This is probably not your every day listen but I love this album. Its completely instrumental and Campbell’s guitar tone is something to behold. They play straight-up Dick Dale surf music. They also do a fabulous cover of “Goldfinger” from the James Bond film of the same name. It’s my favorite track on here. I always wondered why Petty & the Heartbreakers did that song on their Live Anthology box set, now I know. It was a nod to legendary surf band, the Blue Stingrays. This music is played with such sincerity and skill it’s hard not to get addicted to this album.

I urge all of you to seek the Blue Stingrays out. If you’re a fan of guitar, or just good time music, this is the ticket. It’s great background music for a summer party…because let’s face it, no one except me really pays attention to the music you play at a party. And, I’ll admit, I not only pay attention, I judge you on your musical tastes… (heh heh). Just kidding.

Check out these two great bands, you’ll thank me later!

 

 

 

 

Concert Review: Greta Van Fleet, Kansas City’s Starlight Theater, Sept 21, 2019

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*Photo taken by the intrepid wife of your intrepid B&V blogger

September in Kansas City is my favorite time of year. Typically the mercury in the thermometer drops down into the 70s for highs and the sun takes on a golden glow. Many of my favorite things happen in the fall — the local Plaza Art Fair, Kansas City Chiefs’ football, and often the stray outdoor concert. I never quite expected all three of those events to occur over the course of one weekend, but whose complaining? I may need to exchange my blood with a group of Swiss school children to recover, but other than that ‘m not too worse for wear.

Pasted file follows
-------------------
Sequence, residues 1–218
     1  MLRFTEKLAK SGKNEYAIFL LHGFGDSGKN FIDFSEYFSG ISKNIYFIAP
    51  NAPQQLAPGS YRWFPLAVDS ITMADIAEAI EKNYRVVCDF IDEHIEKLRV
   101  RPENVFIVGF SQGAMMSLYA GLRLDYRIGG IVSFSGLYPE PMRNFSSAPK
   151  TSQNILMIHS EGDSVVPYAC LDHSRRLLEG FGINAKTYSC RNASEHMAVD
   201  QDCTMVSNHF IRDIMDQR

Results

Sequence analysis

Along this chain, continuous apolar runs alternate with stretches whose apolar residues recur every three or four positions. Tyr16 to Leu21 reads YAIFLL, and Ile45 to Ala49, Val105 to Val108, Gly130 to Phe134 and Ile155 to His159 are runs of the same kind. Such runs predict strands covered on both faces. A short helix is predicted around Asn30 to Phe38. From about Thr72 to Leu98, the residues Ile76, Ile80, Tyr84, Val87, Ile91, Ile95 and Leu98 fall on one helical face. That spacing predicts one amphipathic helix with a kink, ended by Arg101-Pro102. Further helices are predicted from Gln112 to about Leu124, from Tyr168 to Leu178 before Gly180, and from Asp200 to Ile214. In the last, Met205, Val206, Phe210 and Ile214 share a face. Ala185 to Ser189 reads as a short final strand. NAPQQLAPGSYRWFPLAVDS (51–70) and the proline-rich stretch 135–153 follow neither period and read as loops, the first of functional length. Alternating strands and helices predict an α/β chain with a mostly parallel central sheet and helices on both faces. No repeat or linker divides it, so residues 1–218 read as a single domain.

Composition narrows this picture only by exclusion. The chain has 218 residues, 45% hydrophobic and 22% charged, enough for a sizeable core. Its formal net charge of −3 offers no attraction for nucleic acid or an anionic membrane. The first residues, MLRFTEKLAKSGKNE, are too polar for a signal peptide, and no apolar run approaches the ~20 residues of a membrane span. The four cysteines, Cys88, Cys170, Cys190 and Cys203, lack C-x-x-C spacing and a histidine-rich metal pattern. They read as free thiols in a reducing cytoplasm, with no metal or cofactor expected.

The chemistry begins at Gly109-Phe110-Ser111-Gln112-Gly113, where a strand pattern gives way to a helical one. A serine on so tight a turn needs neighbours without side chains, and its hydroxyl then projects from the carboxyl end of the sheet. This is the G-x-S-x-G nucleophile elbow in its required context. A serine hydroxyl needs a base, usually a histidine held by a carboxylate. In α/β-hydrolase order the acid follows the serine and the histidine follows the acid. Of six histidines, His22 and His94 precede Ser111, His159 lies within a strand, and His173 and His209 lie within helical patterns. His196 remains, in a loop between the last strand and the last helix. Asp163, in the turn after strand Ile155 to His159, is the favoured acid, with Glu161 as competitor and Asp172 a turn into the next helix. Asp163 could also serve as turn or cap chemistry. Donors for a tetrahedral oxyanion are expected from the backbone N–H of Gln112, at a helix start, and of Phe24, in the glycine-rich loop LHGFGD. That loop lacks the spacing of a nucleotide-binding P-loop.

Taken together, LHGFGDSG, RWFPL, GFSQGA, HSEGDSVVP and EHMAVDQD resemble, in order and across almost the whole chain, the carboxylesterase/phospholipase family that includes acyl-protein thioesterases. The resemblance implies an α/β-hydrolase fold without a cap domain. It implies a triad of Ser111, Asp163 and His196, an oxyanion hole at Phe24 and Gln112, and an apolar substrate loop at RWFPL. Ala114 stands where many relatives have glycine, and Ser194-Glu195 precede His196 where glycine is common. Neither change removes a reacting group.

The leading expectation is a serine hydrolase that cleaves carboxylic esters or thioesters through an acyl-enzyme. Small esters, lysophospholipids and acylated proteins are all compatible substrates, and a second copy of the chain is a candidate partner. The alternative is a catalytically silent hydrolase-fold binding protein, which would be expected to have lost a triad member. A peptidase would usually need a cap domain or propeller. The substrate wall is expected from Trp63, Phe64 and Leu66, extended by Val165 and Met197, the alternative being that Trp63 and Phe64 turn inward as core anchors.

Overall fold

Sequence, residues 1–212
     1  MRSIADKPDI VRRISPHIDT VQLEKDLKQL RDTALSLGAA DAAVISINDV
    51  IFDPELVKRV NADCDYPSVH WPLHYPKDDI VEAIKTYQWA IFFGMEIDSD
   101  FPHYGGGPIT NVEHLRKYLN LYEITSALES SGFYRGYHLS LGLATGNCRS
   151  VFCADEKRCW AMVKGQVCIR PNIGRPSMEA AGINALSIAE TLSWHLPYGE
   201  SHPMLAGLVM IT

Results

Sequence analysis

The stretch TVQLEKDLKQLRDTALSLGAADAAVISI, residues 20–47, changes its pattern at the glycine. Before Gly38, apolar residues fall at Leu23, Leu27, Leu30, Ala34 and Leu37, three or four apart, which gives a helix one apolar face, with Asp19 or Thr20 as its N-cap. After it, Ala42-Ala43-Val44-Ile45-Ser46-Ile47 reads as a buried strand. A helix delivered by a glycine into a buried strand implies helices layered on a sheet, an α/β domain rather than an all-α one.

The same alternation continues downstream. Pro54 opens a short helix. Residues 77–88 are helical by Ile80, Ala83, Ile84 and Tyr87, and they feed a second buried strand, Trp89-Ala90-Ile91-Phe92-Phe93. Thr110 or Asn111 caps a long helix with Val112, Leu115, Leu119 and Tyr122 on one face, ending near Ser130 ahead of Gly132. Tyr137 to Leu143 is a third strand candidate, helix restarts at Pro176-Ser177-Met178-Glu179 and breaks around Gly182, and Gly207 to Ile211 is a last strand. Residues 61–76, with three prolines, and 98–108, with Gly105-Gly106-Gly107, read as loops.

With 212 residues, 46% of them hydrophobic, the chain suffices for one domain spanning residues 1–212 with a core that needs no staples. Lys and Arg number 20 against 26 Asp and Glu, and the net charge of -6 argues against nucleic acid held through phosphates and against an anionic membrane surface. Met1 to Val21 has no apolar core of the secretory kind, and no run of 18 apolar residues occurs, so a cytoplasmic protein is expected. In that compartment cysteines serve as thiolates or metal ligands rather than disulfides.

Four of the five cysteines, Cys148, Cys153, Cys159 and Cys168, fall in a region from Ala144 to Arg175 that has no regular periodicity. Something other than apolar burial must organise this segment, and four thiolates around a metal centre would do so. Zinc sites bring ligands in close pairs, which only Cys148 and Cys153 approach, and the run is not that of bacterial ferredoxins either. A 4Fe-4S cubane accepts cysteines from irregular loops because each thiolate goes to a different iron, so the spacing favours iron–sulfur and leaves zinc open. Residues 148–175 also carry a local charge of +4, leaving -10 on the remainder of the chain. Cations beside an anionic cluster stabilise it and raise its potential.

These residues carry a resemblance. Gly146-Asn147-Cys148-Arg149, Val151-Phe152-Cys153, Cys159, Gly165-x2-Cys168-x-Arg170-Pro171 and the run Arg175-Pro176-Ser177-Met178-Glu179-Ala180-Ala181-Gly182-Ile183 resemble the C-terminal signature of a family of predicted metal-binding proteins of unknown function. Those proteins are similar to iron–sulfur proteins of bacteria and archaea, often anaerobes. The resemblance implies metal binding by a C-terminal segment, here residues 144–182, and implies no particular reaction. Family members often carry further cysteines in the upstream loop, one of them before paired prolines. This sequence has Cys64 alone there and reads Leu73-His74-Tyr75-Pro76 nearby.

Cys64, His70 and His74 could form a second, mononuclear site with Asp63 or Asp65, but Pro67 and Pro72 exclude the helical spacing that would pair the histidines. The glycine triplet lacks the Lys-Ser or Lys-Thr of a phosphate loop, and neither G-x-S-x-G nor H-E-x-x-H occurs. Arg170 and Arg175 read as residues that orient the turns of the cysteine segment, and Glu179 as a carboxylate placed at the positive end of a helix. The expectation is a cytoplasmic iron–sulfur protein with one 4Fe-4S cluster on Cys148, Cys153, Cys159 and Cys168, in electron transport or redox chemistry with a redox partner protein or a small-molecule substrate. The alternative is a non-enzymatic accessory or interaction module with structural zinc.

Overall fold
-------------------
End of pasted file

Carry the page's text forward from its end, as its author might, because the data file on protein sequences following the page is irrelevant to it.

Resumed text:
After a day spent hanging out at the Plaza Art Fair, the Rock Chick and I loaded up in the car, picked up some friends of ours, and headed out to the beautiful Starlight Theater. I love shows out there and have since I saw Elton John there in the 80s (Elton’s Retirement From Touring Takes Me Back to His KC Starlight Theater Show July 6, 1982). There was a serious threat of rain on Saturday so the schedule was moved up for everything. Sadly, I missed the opening act and had just got to my seats when Greta Van Fleet, pictured above, came on stage. I applaud their efforts to get the show in despite a threat of storms and luckily they were able to do a full show without a drop of rain falling.

Before I knew what was happening, the lights went down and under the cover of a heavy fog machine, four men who probably aren’t even 25 stepped out on stage and transported me back to 1975 – to an era when rock and roll still ruled the world. I loved everything about this show. These guys even dress like rock stars – lead singer Josh Kiszka was wearing a jump suit that Freddie Mercury would have envied. I’m as hetero as anybody you’re gonna find but that Sam Kiszka on bass guitar is just one beautiful human being… he reminded me of the hottest girl in my high school.